In the contract for any kind of construction, renovation or restoration work, you’ll likely see the term “substantial completion.” Often a contract will specify that payment is due upon substantial completion. In some cases, substantial completion is promised by a particular date.
Substantial completion is actually a legal term. It’s often defined as the stage of a project where an area is fit for occupancy or whatever its intended purpose is. There may still be some painting or finishing touches left to do, but the bulk of the work is done.
In a construction project, it’s generally the point where the owner is responsible for a property as opposed to the contractor. Sometimes a certificate of occupancy or other certificate is issued, but not necessarily.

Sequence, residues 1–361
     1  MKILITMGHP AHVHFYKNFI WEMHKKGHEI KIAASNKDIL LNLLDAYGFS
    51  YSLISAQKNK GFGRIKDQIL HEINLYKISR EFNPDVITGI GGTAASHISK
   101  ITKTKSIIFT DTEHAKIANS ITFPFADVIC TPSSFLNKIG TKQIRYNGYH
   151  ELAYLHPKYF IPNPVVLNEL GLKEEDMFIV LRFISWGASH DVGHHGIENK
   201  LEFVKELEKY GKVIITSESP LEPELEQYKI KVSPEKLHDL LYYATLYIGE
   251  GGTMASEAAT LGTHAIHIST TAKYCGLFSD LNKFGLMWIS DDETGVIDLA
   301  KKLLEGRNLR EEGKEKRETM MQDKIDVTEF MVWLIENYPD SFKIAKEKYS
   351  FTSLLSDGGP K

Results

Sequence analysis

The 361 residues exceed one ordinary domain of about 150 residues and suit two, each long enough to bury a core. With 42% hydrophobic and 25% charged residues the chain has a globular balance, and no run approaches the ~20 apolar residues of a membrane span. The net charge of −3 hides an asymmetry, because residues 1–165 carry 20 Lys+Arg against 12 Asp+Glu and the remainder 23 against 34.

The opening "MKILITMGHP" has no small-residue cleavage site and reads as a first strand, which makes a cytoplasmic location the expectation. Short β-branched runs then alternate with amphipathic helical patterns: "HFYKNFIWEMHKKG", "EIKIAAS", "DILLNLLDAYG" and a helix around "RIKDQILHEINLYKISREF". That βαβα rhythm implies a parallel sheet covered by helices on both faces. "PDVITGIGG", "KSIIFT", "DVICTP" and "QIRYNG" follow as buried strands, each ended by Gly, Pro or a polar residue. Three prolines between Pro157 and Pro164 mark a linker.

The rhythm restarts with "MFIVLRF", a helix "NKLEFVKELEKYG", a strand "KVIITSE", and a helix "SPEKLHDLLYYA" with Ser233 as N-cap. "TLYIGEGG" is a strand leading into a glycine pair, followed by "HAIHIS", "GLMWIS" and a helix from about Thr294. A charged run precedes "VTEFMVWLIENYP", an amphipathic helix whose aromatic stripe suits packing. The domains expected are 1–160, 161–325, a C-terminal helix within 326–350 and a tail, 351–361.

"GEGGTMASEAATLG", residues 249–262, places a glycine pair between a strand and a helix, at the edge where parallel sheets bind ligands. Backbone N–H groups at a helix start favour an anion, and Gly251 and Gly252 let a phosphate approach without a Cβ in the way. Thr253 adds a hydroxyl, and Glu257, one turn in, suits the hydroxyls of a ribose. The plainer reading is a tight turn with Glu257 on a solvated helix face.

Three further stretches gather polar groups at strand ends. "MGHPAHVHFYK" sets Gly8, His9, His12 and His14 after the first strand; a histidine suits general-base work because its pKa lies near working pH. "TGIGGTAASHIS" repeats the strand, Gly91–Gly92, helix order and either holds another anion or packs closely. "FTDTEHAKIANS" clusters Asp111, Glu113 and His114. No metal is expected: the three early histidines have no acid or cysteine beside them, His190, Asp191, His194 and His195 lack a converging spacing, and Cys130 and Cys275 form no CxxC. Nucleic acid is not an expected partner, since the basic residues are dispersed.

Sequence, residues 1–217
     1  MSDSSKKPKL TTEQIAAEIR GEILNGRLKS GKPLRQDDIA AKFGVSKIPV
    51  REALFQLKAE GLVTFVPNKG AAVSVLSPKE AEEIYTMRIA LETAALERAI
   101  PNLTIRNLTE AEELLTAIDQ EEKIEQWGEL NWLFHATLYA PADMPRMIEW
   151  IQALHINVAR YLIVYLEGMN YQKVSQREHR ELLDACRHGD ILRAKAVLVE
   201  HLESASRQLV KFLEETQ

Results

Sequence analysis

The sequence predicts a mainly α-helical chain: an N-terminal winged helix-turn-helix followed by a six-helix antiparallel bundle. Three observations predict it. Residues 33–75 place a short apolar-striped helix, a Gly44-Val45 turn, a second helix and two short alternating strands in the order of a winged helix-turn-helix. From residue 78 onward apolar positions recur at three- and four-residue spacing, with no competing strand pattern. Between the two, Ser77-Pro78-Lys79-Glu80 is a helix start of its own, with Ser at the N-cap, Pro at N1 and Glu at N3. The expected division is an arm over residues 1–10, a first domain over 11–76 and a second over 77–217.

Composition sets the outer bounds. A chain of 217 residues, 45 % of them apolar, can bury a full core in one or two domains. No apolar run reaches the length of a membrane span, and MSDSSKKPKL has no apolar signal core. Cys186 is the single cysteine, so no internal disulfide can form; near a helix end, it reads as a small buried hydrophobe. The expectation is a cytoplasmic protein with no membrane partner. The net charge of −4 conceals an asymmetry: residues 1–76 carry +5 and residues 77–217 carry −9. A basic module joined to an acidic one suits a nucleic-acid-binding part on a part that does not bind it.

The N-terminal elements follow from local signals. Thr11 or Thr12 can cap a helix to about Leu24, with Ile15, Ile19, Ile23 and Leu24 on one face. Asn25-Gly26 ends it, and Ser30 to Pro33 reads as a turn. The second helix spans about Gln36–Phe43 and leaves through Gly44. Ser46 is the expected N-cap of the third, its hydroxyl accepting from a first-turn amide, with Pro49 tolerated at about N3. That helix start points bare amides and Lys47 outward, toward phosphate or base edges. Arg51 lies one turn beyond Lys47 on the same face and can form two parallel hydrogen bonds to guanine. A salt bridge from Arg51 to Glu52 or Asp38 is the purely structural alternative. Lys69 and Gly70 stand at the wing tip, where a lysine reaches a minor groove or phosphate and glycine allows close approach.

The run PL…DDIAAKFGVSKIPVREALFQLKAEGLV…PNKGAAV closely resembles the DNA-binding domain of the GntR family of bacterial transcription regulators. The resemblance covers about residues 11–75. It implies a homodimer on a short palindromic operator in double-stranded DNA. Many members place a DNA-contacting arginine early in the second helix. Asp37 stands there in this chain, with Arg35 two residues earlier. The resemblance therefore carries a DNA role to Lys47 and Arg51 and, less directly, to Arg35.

How does it differ from final completion?
Final completion is typically the point where the work is completely finished and a final inspection has been made. This could be days, weeks or even months after the substantial completion and may involve other professionals. Typically, warranties don’t go into effect until final completion of a project.
Because substantial completion is such a crucial milestone in a project and since payment is often expected at that point, it may be wise to clearly define what it involves in more detail in a contract.
Whether you’re a business owner or other professional developing a contract that includes the substantial completion language or you’re the one being asked to sign the contract, it’s essential that both sides agree on what constitutes substantial completion. This can save you from conflict and potential litigation later on.